The Incredible Hulk (2008) Poster


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  • The Incredible Hulk is based on a fictional character created by American comic book artists and writers Stan Lee and Jack Kirby for a Marvel Comics comic book series of the same name. The Incredible Hulk #1 first appeared in May 1962. Edit

  • Yes and no. Depending on how you look at it, this can be a "reboot" of the Hulk movie franchise, much like Batman Begins (2005) was to the Batman film franchise. However, there are references to the previous film. For example, The Incredible Hulk begins in Brazil, which is where Hulk (2003) leaves off. This is because the script that was used for The Incredible Hulk was originally supposed to be a sequel, until Marvel decided against it, and Edward Norton reworked the script to firmly establish it as a "reboot". So basically, it is a sequel in that it continues from where Hulk ended. The flashback to the character's origin is slightly different to what happened in Hulk, meaning retroactive continuity. The reason for the "reboot" hoopla seems to stem from Norton's inability to take over another actor's role without it being considered sloppy seconds or the studio's wanting to separate itself from the wrongly criticized 2003 film, thus the idea that it's the first of a series instead of a sequel. We could also look at the "new origin" as Banner actually returning after the main events of the first film so that Betty and he could try to get rid of "it", unwittingly unleashing it again, hurting Betty, with General Ross pissed more than ever after giving him another chance. Edit

  • While the filmmakers and cast felt that the contributions Edward Norton made to the screenplay were significant, the WGA felt differently and gave sole credit to Zak Penn. The WGA tends to favor plot and structure, rather than dialogue and character changes, much to many screenwriters' chagrin. It's also possible that Norton requested not to be credited, as he has done uncredited rewrites on quite a few of his films, most notably American History X (1998). Edit

  • The opening montage of The Incredible Hulk takes place prior to the events of Iron Man 2 (2010). The latter half of Iron Man 2 runs concurrent to the first half of The Incredible Hulk as the news report for the aftermath of the Hulk's battle on the university campus is on the news near the end of Iron Man 2. The final scene of The Incredible Hulk takes place after the events of Iron Man 2 as Tony Stark is just joining the Avengers by the end of the second Iron Man film. Edit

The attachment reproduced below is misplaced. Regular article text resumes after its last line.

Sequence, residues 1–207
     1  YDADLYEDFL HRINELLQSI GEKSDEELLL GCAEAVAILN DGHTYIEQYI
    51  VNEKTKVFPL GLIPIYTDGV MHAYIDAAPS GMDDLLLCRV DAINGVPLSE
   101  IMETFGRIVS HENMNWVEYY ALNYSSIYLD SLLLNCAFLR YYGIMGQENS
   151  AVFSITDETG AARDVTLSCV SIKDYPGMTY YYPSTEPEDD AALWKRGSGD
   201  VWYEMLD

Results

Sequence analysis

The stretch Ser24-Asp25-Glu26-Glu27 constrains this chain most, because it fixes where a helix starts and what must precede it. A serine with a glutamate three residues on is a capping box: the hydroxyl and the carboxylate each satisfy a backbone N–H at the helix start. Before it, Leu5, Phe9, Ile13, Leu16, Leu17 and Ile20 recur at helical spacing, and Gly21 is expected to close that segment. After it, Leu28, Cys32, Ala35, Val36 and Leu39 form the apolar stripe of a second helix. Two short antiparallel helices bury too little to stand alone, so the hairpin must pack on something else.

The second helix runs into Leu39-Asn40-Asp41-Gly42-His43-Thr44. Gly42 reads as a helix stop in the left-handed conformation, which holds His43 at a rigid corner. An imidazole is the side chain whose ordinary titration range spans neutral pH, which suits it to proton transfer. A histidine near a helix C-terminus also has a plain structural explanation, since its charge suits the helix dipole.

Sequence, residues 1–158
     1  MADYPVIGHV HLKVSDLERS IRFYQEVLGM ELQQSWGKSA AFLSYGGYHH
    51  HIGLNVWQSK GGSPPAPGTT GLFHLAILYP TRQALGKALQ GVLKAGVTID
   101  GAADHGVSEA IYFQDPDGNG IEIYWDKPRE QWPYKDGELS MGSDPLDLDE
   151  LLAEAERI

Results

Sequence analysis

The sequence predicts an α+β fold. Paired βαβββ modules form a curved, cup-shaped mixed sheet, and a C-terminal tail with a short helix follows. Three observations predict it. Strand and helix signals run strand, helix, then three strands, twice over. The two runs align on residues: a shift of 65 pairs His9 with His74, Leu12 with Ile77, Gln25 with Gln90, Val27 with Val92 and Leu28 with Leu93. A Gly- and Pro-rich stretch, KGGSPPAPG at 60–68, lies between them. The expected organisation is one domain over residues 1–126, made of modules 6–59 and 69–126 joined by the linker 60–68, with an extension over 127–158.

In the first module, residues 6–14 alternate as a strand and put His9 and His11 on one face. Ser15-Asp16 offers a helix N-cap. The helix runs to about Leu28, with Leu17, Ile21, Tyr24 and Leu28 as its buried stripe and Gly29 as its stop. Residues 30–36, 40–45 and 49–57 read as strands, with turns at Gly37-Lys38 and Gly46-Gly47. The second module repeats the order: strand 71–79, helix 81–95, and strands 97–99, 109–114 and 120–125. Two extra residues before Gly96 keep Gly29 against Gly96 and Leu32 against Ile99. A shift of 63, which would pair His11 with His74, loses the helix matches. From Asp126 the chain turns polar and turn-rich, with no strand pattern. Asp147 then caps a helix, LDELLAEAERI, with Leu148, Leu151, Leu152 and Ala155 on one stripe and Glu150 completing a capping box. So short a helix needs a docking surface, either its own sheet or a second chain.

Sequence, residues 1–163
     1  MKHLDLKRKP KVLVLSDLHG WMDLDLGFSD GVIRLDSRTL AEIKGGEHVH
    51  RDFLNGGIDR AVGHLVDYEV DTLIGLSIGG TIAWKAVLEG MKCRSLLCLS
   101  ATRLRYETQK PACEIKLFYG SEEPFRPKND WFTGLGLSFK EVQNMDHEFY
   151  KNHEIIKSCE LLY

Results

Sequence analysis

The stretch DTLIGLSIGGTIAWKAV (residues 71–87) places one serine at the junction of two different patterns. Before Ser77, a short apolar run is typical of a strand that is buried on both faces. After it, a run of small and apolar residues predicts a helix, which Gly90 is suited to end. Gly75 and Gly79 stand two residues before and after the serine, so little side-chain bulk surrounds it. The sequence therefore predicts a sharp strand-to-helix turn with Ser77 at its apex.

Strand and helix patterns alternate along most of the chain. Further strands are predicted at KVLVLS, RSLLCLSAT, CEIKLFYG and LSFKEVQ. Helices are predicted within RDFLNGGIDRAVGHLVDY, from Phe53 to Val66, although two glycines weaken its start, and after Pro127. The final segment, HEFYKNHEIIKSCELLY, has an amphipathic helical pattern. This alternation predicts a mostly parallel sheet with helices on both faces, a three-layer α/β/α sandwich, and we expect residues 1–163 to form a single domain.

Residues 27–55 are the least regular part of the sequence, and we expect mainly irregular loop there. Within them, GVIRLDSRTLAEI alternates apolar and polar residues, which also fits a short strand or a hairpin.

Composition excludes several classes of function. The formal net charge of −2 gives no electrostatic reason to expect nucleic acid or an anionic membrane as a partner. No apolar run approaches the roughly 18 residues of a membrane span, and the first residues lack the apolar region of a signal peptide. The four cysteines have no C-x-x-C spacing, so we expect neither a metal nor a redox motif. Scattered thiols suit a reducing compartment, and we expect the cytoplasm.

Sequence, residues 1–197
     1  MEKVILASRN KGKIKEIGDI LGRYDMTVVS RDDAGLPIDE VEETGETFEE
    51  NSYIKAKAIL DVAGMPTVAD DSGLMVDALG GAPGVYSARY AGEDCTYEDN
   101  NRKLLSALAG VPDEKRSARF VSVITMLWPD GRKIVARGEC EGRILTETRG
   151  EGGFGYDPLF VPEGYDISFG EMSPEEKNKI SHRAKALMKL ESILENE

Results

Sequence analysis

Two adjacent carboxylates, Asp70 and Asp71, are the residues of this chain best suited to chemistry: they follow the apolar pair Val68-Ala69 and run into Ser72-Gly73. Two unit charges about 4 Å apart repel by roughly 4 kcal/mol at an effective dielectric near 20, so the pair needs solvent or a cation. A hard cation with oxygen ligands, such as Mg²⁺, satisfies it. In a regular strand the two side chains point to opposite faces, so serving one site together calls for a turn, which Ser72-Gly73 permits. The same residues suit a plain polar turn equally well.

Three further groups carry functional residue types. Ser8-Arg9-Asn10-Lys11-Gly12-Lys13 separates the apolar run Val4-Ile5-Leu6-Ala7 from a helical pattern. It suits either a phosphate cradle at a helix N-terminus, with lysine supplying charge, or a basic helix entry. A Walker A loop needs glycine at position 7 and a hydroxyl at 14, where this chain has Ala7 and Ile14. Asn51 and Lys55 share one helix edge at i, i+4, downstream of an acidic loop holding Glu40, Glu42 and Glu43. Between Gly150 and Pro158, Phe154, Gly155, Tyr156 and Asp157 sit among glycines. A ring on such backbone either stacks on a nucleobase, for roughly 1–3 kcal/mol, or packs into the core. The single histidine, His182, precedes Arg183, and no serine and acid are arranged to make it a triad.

• The obvious. Bruce Banner / The Hulk (main character) and Emil Blonsky / The Abomination (main Villain).

    The not-so-obvious. Tony Stark makes a cameo appearance at the end of the film to talk to General Ross about the "Avenger Initiative." Stark Industries products are all over this film as well. Nick Fury's name appears briefly during the opening credits on a government document, hinting that, like in the comic books, he is behind the Hulk task force.

    Sequel hints. Samuel Sterns / The Leader tries to help Banner cure his condition. Sterns' transformation into the Leader begins to happen when Banner's blood drips into an open cut on Stern's forehead. His head begins to pulse and grow, setting up a sequel with The Leader as the superintelligent supervillain.

    Allusions. (1) Captain America when Ross talks to Blonsky about the super-soldier serum that was tested in WWII and was put on ice. There is a scene that didn't make the cut where Banner goes to Antarctica to kill himself. When he attempts to shoot himself, he becomes the Hulk and smashes an iceberg—the same iceberg which is supposed to contain Captain America. (2) Doc Samson: The psychiatrist whom Banner talks to about his "problem" (i.e., the Hulk transformations). In the comics, Dr. Samson is a long-time supporting character and becomes a superhero in his own right when he attempts to cure Banner by draining out the gamma radiation that turns Bruce into the Hulk and bombards himself with it. Edit